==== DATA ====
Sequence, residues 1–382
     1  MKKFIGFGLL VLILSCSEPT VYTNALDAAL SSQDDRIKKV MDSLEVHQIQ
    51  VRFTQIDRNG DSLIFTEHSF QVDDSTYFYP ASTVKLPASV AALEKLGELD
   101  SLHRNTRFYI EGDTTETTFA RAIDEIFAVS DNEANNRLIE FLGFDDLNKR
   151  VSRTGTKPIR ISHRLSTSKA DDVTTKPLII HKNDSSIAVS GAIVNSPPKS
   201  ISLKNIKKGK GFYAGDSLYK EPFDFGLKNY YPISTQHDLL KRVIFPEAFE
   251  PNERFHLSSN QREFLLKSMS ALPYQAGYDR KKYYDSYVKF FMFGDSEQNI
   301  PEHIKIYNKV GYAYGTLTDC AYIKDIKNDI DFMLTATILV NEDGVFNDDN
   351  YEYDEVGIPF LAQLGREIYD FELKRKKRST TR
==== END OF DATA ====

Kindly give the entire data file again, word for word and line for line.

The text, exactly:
Sequence, residues 1–382
     1  MKKFIGFGLL VLILSCSEPT VYTNALDAAL SSQDDRIKKV MDSLEVHQIQ
    51  VRFTQIDRNG DSLIFTEHSF QVDDSTYFYP ASTVKLPASV AALEKLGELD
   101  SLHRNTRFYI EGDTTETTFA RAIDEIFAVS DNEANNRLIE FLGFDDLNKR
   151  VSRTGTKPIR ISHRLSTSKA DDVTTKPLII HKNDSSIAVS GAIVNSPPKS
   201  ISLKNIKKGK GFYAGDSLYK EPFDFGLKNY YPISTQHDLL KRVIFPEAFE
   251  PNERFHLSSN QREFLLKSMS ALPYQAGYDR KKYYDSYVKF FMFGDSEQNI
   301  PEHIKIYNKV GYAYGTLTDC AYIKDIKNDI DFMLTATILV NEDGVFNDDN
   351  YEYDEVGIPF LAQLGREIYD FELKRKKRST TR